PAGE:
NPR

No Teen Lifeguard On Duty: Summer Jobs Are No Longer An Attraction

More teens have shifted away from typical summer jobs in recent years, opting to spend time with family instead, or take unpaid internships.
In Maine, a teenager serves ice cream at a Dairy Queen for the summer. But data shows teens' participation in the labor force is on the decline, and it has been for decades. Source: Jill Brady

Pedraam Faridjoo of Kensington, Md., is spending his summer volunteering and traveling. Ryan Abshire from Carmel, Ind., is using the time to be with his family. Meme Etheridge of St. Simons Island, Ga., is attending a music camp where she plays percussion.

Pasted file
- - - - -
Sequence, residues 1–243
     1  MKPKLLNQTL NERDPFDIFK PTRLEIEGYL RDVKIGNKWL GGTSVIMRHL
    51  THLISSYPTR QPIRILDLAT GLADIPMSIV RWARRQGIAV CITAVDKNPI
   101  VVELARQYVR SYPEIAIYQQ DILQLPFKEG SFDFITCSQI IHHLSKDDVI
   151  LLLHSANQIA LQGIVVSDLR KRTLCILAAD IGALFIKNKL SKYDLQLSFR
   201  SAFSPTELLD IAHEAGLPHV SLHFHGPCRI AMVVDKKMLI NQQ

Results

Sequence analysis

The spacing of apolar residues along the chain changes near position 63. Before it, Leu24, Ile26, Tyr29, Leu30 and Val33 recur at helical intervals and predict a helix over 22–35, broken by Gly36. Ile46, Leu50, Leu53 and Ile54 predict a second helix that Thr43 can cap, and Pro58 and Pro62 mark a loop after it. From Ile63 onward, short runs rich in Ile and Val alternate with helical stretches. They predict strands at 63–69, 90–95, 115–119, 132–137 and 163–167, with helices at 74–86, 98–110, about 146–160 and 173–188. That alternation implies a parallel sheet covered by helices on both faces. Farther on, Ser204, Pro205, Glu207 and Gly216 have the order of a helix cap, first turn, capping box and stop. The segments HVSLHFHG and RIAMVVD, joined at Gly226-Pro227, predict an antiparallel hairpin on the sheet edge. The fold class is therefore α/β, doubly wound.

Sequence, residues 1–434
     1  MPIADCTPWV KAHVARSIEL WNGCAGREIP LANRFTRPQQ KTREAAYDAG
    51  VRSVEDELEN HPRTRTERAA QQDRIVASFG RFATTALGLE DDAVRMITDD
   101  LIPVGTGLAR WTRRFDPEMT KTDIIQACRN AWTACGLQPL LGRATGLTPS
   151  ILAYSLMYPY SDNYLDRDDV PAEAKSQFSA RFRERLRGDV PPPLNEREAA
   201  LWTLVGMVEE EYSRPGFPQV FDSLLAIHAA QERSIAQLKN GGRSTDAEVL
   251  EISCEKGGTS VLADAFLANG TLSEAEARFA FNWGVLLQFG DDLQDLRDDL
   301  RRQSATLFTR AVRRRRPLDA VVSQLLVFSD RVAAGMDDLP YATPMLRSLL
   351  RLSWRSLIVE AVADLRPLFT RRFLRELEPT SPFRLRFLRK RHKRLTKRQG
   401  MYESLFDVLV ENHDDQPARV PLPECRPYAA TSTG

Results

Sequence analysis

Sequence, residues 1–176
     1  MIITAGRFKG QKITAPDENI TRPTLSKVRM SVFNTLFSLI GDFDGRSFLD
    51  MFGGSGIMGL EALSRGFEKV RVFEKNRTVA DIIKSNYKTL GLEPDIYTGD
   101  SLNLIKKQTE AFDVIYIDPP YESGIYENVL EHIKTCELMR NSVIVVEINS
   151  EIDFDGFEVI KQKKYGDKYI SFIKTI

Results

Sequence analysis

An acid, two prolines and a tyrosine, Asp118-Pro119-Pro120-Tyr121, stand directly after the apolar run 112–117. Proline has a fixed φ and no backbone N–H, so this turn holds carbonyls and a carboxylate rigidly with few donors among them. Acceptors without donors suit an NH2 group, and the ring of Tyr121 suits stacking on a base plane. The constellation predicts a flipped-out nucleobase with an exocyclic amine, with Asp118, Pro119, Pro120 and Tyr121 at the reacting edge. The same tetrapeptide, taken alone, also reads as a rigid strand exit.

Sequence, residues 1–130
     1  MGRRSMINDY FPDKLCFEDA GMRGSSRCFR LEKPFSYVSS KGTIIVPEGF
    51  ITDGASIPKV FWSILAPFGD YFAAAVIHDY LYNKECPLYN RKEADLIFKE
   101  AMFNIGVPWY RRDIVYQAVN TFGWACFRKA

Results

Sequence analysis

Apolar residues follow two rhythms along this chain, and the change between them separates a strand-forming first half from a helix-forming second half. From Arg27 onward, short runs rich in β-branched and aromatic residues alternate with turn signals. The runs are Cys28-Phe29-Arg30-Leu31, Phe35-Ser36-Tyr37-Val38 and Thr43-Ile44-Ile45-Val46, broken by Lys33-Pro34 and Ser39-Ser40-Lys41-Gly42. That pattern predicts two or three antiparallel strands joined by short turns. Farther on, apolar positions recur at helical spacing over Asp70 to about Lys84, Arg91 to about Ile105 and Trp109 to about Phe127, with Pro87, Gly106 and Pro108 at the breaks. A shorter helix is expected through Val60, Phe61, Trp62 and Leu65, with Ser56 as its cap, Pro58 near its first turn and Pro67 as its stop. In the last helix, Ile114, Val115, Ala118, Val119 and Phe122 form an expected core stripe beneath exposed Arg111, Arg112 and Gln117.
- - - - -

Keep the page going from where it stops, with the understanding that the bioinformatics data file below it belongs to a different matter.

What do they all have in common? They're teenagers, and they are not working summer jobs.

A summer job, like lifeguarding or scooping ice cream, used to be a rite of passage for teens. Thirty years ago, nearly two-thirds of U.S. teenagers worked summer jobs. Twenty years ago, more than half of them did.

Now, only a third of teens are in summer

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